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Volume 5 (2) - 1982


Geomorfologia del territorio di Febbio tra il M. Cusna e il F. Secchia (Appennino Emiliano) – Geology of the Febbio area, between Mt. Cusna and Secchia River (Emilian Apennine)

Pages 285-360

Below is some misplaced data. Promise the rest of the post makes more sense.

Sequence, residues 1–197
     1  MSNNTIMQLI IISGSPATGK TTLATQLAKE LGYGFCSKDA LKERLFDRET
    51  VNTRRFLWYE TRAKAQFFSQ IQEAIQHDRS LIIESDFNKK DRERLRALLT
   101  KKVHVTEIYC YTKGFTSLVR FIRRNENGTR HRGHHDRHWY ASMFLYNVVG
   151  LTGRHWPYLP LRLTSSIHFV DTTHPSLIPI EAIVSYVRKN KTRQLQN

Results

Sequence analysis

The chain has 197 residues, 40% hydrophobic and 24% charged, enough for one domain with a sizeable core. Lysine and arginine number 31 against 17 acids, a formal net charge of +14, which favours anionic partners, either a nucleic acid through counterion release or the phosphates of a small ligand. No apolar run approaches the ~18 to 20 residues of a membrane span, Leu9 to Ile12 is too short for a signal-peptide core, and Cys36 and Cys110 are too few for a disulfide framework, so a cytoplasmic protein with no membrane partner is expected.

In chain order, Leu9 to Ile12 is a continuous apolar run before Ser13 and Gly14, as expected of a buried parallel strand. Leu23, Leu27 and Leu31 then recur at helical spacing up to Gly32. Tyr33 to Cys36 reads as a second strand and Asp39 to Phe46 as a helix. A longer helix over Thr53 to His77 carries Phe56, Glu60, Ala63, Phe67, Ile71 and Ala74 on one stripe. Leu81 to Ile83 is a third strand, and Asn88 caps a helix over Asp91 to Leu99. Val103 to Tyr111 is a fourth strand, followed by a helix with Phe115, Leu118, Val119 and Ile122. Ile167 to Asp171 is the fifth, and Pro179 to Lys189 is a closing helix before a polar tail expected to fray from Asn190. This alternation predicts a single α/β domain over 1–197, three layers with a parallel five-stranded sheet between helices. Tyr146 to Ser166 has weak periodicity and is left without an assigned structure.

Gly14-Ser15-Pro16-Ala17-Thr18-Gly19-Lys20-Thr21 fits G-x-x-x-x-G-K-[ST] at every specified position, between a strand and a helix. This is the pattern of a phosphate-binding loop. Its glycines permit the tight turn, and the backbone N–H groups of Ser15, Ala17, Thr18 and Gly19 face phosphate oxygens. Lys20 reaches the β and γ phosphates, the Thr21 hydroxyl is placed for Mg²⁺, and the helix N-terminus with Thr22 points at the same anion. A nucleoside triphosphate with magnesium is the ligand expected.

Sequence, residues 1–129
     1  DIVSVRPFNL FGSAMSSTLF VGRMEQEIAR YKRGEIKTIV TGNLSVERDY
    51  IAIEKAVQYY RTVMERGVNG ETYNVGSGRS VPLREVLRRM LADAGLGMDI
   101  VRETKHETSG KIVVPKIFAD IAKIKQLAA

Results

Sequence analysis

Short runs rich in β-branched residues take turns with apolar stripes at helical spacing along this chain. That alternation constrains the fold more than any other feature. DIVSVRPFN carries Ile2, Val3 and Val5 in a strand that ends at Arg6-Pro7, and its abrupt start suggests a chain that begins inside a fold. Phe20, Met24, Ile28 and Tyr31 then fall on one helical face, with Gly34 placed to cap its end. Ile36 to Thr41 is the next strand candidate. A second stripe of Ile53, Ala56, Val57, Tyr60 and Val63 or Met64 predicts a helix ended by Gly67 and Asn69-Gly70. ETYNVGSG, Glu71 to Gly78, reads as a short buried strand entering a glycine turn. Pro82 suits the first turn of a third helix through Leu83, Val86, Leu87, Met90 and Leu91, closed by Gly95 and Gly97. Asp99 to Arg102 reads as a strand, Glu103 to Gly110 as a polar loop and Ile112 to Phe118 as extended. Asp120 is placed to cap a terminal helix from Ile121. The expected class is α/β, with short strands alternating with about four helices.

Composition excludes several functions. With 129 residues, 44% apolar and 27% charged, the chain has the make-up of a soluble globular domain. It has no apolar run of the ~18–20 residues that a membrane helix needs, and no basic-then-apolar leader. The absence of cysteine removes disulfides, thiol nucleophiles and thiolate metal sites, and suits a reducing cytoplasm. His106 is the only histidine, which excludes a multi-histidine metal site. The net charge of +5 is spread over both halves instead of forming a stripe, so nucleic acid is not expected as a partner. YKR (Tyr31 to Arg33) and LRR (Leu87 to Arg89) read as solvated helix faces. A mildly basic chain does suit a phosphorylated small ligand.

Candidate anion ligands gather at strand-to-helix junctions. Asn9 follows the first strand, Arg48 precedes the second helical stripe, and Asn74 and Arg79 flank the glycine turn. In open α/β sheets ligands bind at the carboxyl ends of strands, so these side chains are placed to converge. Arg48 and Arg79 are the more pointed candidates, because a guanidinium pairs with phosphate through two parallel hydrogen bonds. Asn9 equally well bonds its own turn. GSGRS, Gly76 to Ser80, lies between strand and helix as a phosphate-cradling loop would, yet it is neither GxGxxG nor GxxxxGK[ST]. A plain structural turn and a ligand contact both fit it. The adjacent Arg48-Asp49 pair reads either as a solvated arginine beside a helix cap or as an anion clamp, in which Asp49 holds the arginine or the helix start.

The research started with a geomorphological survey in which 25 researchers took part. Since then numerous other survey campaigns have been carried out in order to complete and standardize the geomorphological map. Various other themes have also been studied regarding climate, morphometry, Pedology, Hydrogeology and soil-use. The choice of this area may be justified by numerous geomorphological points of view. It includes much evidence of the last glaciation, particularly in the form of moraine heaps. There are some remnants of terraced surfaces probably of Pleisto-cene periglacial origin. Some displacements have been individuated, probably active also in recent times. Much of the area’s surface shows serious hydrogeological degradation, with numerous and vast landslide phenomena in some places connected with seismic events. Some reports of archeological evidence indicating the presence of man aroused our hopes of finding chronological evidence of this type. The presence of soils allowed a pedological and palinological study and therefore the opportunity of connecting paleoclimatic and paleovegetational references with geomorphological evolution and the possible correlation with other data of the same kind. The investigated area is located on the Adriatic side of the Northern Apennines where formations belonging to the stratigraphic-structural unist of Mt. Modino – Mt. Cervarola, Canetolo and Mt. Caio widely outcrop. Just SSW of the investigated area the «Macigno» Formation, belonging to the Tuscan sequence, is present. In spite of controversial paleogeographic and stratigraphic interpretations, the structural setting of the area can be outlined as follows. The «Macigno» Formation, represented by thick bedded torbiditic sandstones and marlstone (upper Oligocene-lower Miocene in age) forms an NE overturned anticline, with axis oriented NW-SE. Out of the structural units outcropping in the region this is geometrically the lowermost one. Overthrusted above the « Macigno » Formation (the highest part of the Tuscan « nappe ») the Mt. Modino – Mt. Cervarola Complex is present. It is represented by thick turbiditic sandstones and marls with several intercalated « olistostromes ». Considerable disagreement exists among Authors regarding the original paleogeographic location of this stratigraphic sequence, which is considered belonging the inner (allocthonous) Tuscan basin by some, or to the external (autochtonous) Tuscan basin by others. Furthermore some German Authors retain that the Mt. Modico – Mt. Cervarola sequences were deposited in a trough located between the Tuscan and Umbrian basin. From a structutal point of view, the Mt. Modino – Mt. Cervarola Unit is characterized by tight folds overturned N ad NE. Normal and reversed faults are present which show Apenninic and antiapenninic strikes. Geometrically above the Mt. Modico – Mt. Cervarola Unit, formations belonging the Canetolo Unit are present. The latter is considered as deposited between the Ligurian and Tuscan domains, and it is often referred to as a «Subligurid Unit ». Sediments of this sequence are represented by claystones, limestones and sandstones. They outcrop limitedly and with reduced thickness. Geometrically above the Canetolo Unit, the Mt. Caio Unit is present, which is ascribed by all the Authors to the Ligurian area. It is represented by the well known sequence of the « Helmintoidaea Flysch » (Senonian in age) an by its base complexes. The latter are widely outcropping and are constituted by chaotic claystones with ophiolites (« argille scagliose» Auctt.) and by interbedded claystone and sandstones. The formations of the base complexes are highly tectonized and laminated, while the « Helmintoidaea Flysch » forms several overturned folds with Apenninic vergency which are affected by faults. Finally, in the NW edge of the investigated area near the Secchia River, the « Burano Formation » outcrops, which is Triassic in age and is constituted by evaporitic rocks (gypsum, anhydrite, dolomitic limestone). It is highly tectonized and it is known both from the Tuscan and Umbrian sequences. The structural setting briefly reviewed, was reached mainly in the upper Miocece (Tortonian) during the so-called Tuscan phase of the Apennines orogeny, when the above discussed piling of structural units occurred. During the Messinian, Pliocene and Quaternary periods the uplift of the region continued up to the present. Linear features (as normal, reversed and wrench faults) which are particularly evident in the present day morphology, indicate that a recent neotectonic activity has affected the investigated area. The analysis of thermometric and pluviometric data of the period 1961-1977 has given the following results: the average annual temperature is between 11 °C in the valley a reas and 5 °C on the hills. Maximum temperature is 34 °C in August, the minimum recorded is – 17 °C in January. The ave rage annual range of temperature is 15.5 °C. On the whole the area studied has a rather low continentality index. The annual amounts of rainfall go from a minimum of 1000 mm to a maximum of 2000 mm. The average annual rainfall is 1700 mm distributed over 117 wet days. The rainiest month is November (226 mm), the dryest July (66 mm). The pluviometric régime of the area studied is of the sub-mediterranean type. According to the classification of KOPPEN the area is of the Csb type of climate (subcontinental), more precisely, the areas below 800 m are of the continental temperate climate type and those above 800 m are of the cool temperate climate type. As for the frost-thaw cycle analyses, these are a negligible aspect of the climate up to 700 m, but become more significant at higher altitudes. The snow cover becomes appreciable in the month ol November and disappears almost completely in May. Maximum thicknesses are achieved in February and March, in places over 1 meter at the highest altitudes. Over 1 000 m altitude, the ground is covered with snow during all the winter period and also during the spring at altitudes higher than 1 200 m. Data regarding annual maximum rainfall lasting from 1 io 5 days have been elaborated statistically. These data may be conveniently interpreted according to Gumbel’s law of extreme values which permits the calculation of the height of the rain with return time T for a duration t from 1 – 5 days. For every station typical parameters of the climatic possibility curves were calculated in relation to the average and to values with a return time of 50 years. Data distribution is represented cartographycally with results obtained from experimental values for the averages and their extrapolation for the return times given. Lastly, the hydric balance was calculated using THORNTHWAITE’s method for the 4 basins in the area studied. The hydrological characteristics of the 4 basin were found to be similar, considering that the area has more or less the same regime as far as rainfall is concerned. The flow coefficient tends to be high everywhere, with annual average values ranging between 0.71 of T. Secchiello and 0,53 of Rio Sologno, the units flows vary between 43 litres per km2 and 22 litres per km2 . The geomorphological survey was carried out principally in the field and preceded and followed by a careful photointerpretative study. The map shows the lithologic characteristics of the bedrock, the surface formations, the tectonic and hydrographic data, various genetic types of forms and processes and some forms of mixed origin. As far as the chronological aspect is concerned, the deposits have been related in the upper Pleistocene – present interval; the forms have been related to the Holocene (past and present) with the exception of the glacial and periglacial forms, which have been attributed above all to the Pleistocene, and the karstic forms, which have been considered polychronological. The recent activity of a number of tectonic lines is also depicted. The forms licked to the action of channelled surface waters have been distinguished to show slope forms and stream forms. Slide phenomena have been divided into three types: flow-sliding fall, massive fall. From the orographic point of view the most significant elements are the two mountain ridgelines, one (Mt. Cusna – Mt. Ravino) of Apennine orientation, the other anti-Apennine. The former is constituted predominantly by arenaceous rocks and has the alignment characteristics of the highest peaks in an internal position with respect to the main Apennine divide (phenomenon probably due to recent Tectonics). The latter is constituted predominantly by flyschoid formations. With reference the area can be divided into two morphostructural strips: the upper Apennine strip, and the central Apennine strip. The first strip, characterized by overturned folds and overthrusts, is marked by the following geomorphological characteristics: high-energy relief, steep depression of tectonic origin of the divide, maximum elevation not coincidental with the main Apennine divide. The second strip is constituted by clay and flyschoid formations ,vhich tectonically cover, in part, the units of the first strip and are, in turn, covered tectonically by other units. In this area the clay and flyschoid formations are amply developed and their tectonic setting, often complicated and sometime chaotic, produces very irregular forms due to selective erosion. The morphological processes that have modelled and are modelling the slopes of the are mainly glacial processes, slope processes in periglacial and temperate environments, and torrent-like, karstic and anthropic processes. The evolution of the slopes is occuring at present by the action of diffused and channelled waters and by the actions of mass movements of different types. A large part of the area has been subjected during the Pleistocene to glacial morphogenesis. Morainic accumulations constituted by chiefly arenaceous detritus modelled into ridges, rounded hillrochs, are observed widely on the slope below the highest peaks exposed to the N and NNE. Chatacteristic cirque forms, more or less preserved and remodelled by successive degradation processes are also due to glacial morphogenesis. A number of detritic accumulations previously attributed to glacial morphogenesis have been interpreted as glacis deposits. For the most part it is a matter of materials derived from the erosion of moraines and left on the clay slopes downstream of the glacial fronts by plastic fluid movements, particularly active in a cold climate when the hight relative humidity and the abundance of snow favoured a high water content in the soil. Periglacial morphogenesis has worked widely in the area during the cold phases of the upper Pleistocene. Its action as responsible for soft forms and accumulations which in some cases have completely smoothed the slopes cut earlier. Such forms are connected with intense frost shattering and with slope processes (slope wash due to the melting of snow), which have produced and deposited large detritic accumulations. The most characteristic periglacial forms of the area are the niches cut by nivation and the stratified detritic deposits on slopes (éboulis ordonnés). Other forms due to Pleistocene periglacial morphogenesis are congelifluction deposits. Present periglacial processes shattering congelifluction, pipkrake) are observed only at the highest elevations and where anthropic brush clearing has eliminated spontaneous plant cover. Torrent-like erosion is actively present throughout the area. The forms connected with it however date chiefly from the Holocece, when the improvement in climatic conditions favoured the reactivation of linear erosion. Steep slopes were thus created which contrasted distinctly with the soft forms produced earlier by periglacial morphogenesis. In some areas the erosion by action of torrents, particularly active, triggers slide phenomena of varying importance on the slopes. Terraced alluvial deposits due to weathering (cold peaks during the Holocene) or anthropic (brush clearing) causes are found where the particular geomorphological conditions have permitted them to accumulate and to remain. Relicts of terraced alluvial deposits from the Pleistocene are found in places. Present morphogenesis on the slopes is linked essentially to the action of flowing surface waters and to the action of gravity. Present geomorphological evolution is different on slopes of lesser gradient modelled by glacial and periglacial processes of the Pleistocene and of those having steep gradients connected for the most part with the resumption of linear erosion in the Holocene. On surfaces of flatter gradient large slide phenomena (of the flowingsliding type) are produced which involve primarily the covering materials or, sometimes, phenomena of plastic deformation and solifluction. The steep slopes, on the other hand, are the site of slide movements (fall and flowsliding) which generally involve the bedrock.. Present on such slopes in a more or less intense manner, moreover, are erosion processes due to flowing surface waters. The karstic phenomenon appears to be particularly developed on some reliefs corresponding to gypsum-limestone outcroppings of the Triassic. In these formations the phenomenon of dissolution creates sinks, caves, pits, funnels, large springs, etc. Recent studies have demonstrated the presence in the area of numerous alluvial sinks which testify to a widespread and deep karstic activity. A recurrent phenomenon is the clear alignment of the sinks, which probably follows the course of fractures and of small faults. In the section devoted to the quantitative analysis, the morphometric characteristics of the stream network are considered. To this purpose the whole area is subdivided in the component drainage basins and the relations between drainage density, relief ratio, hypsometric curve, slope angle and lithology are discussed. Slope and aspect maps of the whole area, obtained by automatic data acquisition and processing, are also proposed. After discussing in short the construction techniques, the distribution of the various slope and aspect classes is discussed. The soils in the Febbio area (RE) may be grouped into three altimetric zones referred to as many thermic regimes: the lower one, un to 1 300 m a.s.l., with a mesic regime; the intermediate one, up to 1 900 m, with a frigid regime and, finally, the higher one over this altitude, presenting a criic regime in soils which have no accumulation of rough organic matter on the surface (SOIL TAXONOMY, 1975). Everywhere the moisture regime is udic. In the lower climatic zone, on shales, soils with recent and actual pedogenesis are mainly found. The degreee of development does not exceed that of the Entisoils, also because of active erosion; on more stable morphologies, mainly on sandstone, Inceptisoils may develop. The intermediate zone is the area with the greater accumulations of glacial and slope deposits. Still now there appear evidences of older fluvial, glacial and periglacial cicles. As to the recently deposited materials and the eroded surfaces, the pedological landscape is linked to the actual evolutive and environmental situation, with the presence of Entisoils, Spodosoils and Inceptisoils; while, where evidence of ancient events may be observed, paleosoils, both relict and buried, are found. Frequent sedimentological, pedological discontinuities and stone lines appear in more stable morphological situations. The higher zone is dominated by the genetic process of the eluviation of the bases from the system because of the udic regime characterizing the environment. On sandstone lithotypes and on deposits of colluvial material, podzolization is the most expressed evolutive trend of the stable surfaces. On carbonatic lithologies, the evoluviation phenomena are slowed, also because of low temperature (criic regime), and Mollisoils are found. Finally, the evolutive trends appear limited in the situations subjected to erosion and there mainly develop Entisoils and rock outcrops. The relict soils of the intermediate zone were more carefully studied, by means of chemical, sedimentological and mineralogical analysis, with the aim of building up a chronological scheme of the environmental and geomorphic phenomena that may have been important for soil development. Three homogeneous units were distinguished: the flysch reliefs; the glacial deposits; the paleosurface of Mt. Cusna. The flysch reliefs still present marks of paleopedogenesis preceding the last glacial period. They are Paleoudalfs developed on glacis deposits and represent the southern and highest sector of a paleopedological facies well documented on the Emilian Apennines and on the terraced alluvial fans of the pedeapennines. During the last glacial period the flysch area was reached by the moraines only during the most ancient phase, while it was later interested by evident phenomena of periglacial sedimentation (éboulis ordonné). On these deposits, during the late glacial period in the Holocene, Haploboralfs developed. Even in the absence of absolute dating, the principal system of the morainic deposits in Val d’Asta in attributed to the glacial maximum 19000 b.p. old during the last glaciation. In this area, the pedogenesis is, of course, post-glacial: stratigraphic, paleobotanical and palethnological evidence suggests that only during the Atlantic period there were favourable conditions for the devepment of soils presenting peculiar genetic mineral horizons, and representing a typical chrono- and pedo-stratigraphic unit for that age in the studied area. During the Pre-Boreal, an environmental, perhaps a climatic, crisis caused, the erosion and the burying of those soils with colluvial deposits. The accumulation of organic metter due to a new resettling of the vegetation cover, determined a general brunification and, in particular conditions, a process of podzolization. The paleosurface of Mt. Cusna, largely glacialized during the glacial maximum, shared with the second area its pedogenetical history up to the Atlantic: in fact all over the paloesurface, Inceptisoils, usually buried, are found. From the Sub-Boreal un to now, the evolutive phases are completely different. This period is characterized by a strong transport of material from more sloping and higher areas and an accumulation in areas with less energy. In these areas the pedogenesis that develops on the colluvium varies according to the dynamic of the transport: when it is stronger Entisoils are found; where, on the contrary, the colluvium is shallower: Mollisoils may develop. More recently, perhaps because of anthropic influence (logging and intensive grazing) a strong gully erosion prevailed, disecting the surface into edges separated by channels and deep incisions. As with a good deal of the ridge areas of the Tuscan-Emilian Apennines, the zone of Febbio was also densely settled during the Boreal and early Atlantic age by mesolithic hunters. At first micro- and hyper micro-lithic triangles and Sauveterre points appear and later a new tradition with trapezes takes place. The mesolithic settlements were located in strategic positions for hunting and harvesting: along passes and edges of lake basins. Ad for the remaining Atlantic period, numerous Neolithic communities settled in the plain in the Po Valley at the foots of the Apennines, whereas the zone of Febbio remained uninhabited. Traces of occasional passages have been recorded in the Sub-Boreal age concerning eneolithic, Iron Age and Roman age cultures. A first systematic exploitation of the area was recorded in the early Middle Ages when some curtensian structures were established in the area. The settlements however began to be properly documented in the Middle Ages when a systematic exploitation of the woods began with consequent sheeprearing activity. The cultivation of the land on the other hand was restricted to small plots surrounding the family dwellings. Palynological investigation carried out on the soil profile “Bagioletto” has given the following: preliminary results. Absolute pollen frequencies increase in a downward direction through cyclic oscillations. This vertical pollen distribution occurs also when we consider Pteridophyta or Spermatophyta APF singly. APF oscillations are correlated with lithological discontinuities in soil profile. Pollen analysis appears to confirm pedological investigations: the “Bagioletto” profile consists of two soils; the lower soil has been broken by erosion, the upper one is evolving on a colluvial deposit. A deeper pollen spectrum of the paleosoil shows local herbaceous environments, bordered by woodland with thermophilous hardwood: Quercus, Ulmus, Carpinus, Ostrya, etc. The following spectrum testifies cooler and wetter condition (Abies, Fagus, and increase of Alnus). In the pollen spectra of the upper soil we found grassland and/or heathland environments in loco and the spread of Fagus in the nearby woodland. By comparison with Chiarugi’s diagrams concerning the Apennines we can assume the “Bagioletto” pollen spectra would cover a space of time from the Boreal to Subatlantic period. The authors outline a schematic description of hydrogeological and structural features of ground-water reservoirs connected with the lithological units represented in the Febbio area. Information about the hydrodynamic behaviour of aquifer and their connection with the drainage network is also given. As well as traditional parameters, such as permeability, presence of fissures and so on, the way ground water circulates has also been taken into account. Therefore, the following distinction has been made: pervious units, semi-permeable units, and impermeable units. Moreover, limits of impermeable and semi-impermeable bodies (forming «septa» that cannot be crossed over by water)and limits between pervious formations (forming relative separation «septa» for circulating waters) have been pointed out. On this ground, the Febbio area has been divided into 4 sectors. It has been also verified the connection between water outflow from more pervios formations next to highly argillaceous units, and development of landslide phenomena pecurialr to many of the considered areas. To describe the use of resources and the relationship between man and the environment under consideration, a land-use map has been drawn up. This map, useful in many different ways, shows both the qualitative characteristics of the information (type of use) as well as those of a distrubutional and dimensional nature. The area has been divided into 17 classes of use. The recontruction of the area’s geomorphological evolution is as follows: The most ancient traces of morphogenesis seem to be provided by some remnants of summit surfaces and in particular, that of M. Penna. In the, Mt. della Stetta locality traces of surfaces have been found dating back to the penultimate glaciation, with evidence of paleopedogenesis from the last interglacial period. Before the last glaciation there must have been a phase of erosion carving out the valleys which would contain the glacial tongues and moraine and periglacial deposits. The glacial and periglacial morphogenesis of the last cold Pleistocene period has left the most evident traces in the area in the form of erosion and deposits, in places very clear and well preserved: for example, the moraine deposits of Mt. Della Stetta, Governara and Mt. Cusna, the periglacial stratified slope deposists of the «éboulis ordonnés» type, on the slopes of Mt. Prampa and Mt. La Stetta, and the glacis deposits in front of the moraine heaps. The morphoclimatic conditions brought about by the last glaciation and, in particular, those of the last apex would markedly inhibit pedogenetic processes. In a decisively post-glacial period the are becomes covered by forest up to the highest altitudes and the environmental conditions become favourable to the settlement of Mesolithic communities. From the Sub-Boreal period onwards the environment acquires more outstanding, dynamic elements connected with a deterioration in the climate: a widespread phase of colluvium accumulation affects all the environments examined and this is followed by a phase of marked, prevalently linear incision. This phenomenon may be justified by both the strong neotectonic activity in the area and by the deterioration of climate with the Sub-Atlantic period. These neotectonic movements are responsible for the raising of the Monte Cusna chain – the Alpi of Vallestrina, which, as a result, is situated above the Apennine watershede. With the regrowth of vegetation on the slopes during the Boreal period and with the consequent reduction in the quantity of débris material introduced into the hydrographic system, in the main drainage system, there is a connection with an active phase of vertical erosion which first carves out the deposits accumulated during the previous phase and afterwards the whole substratum. Connected to this linear erosion there are, of course, instances of instability often producing landslide phenomena. In more recent times the spreading practice of deforestation has produced widespread slope-instability with resulting erosion of the soils and more generally, of the slopes.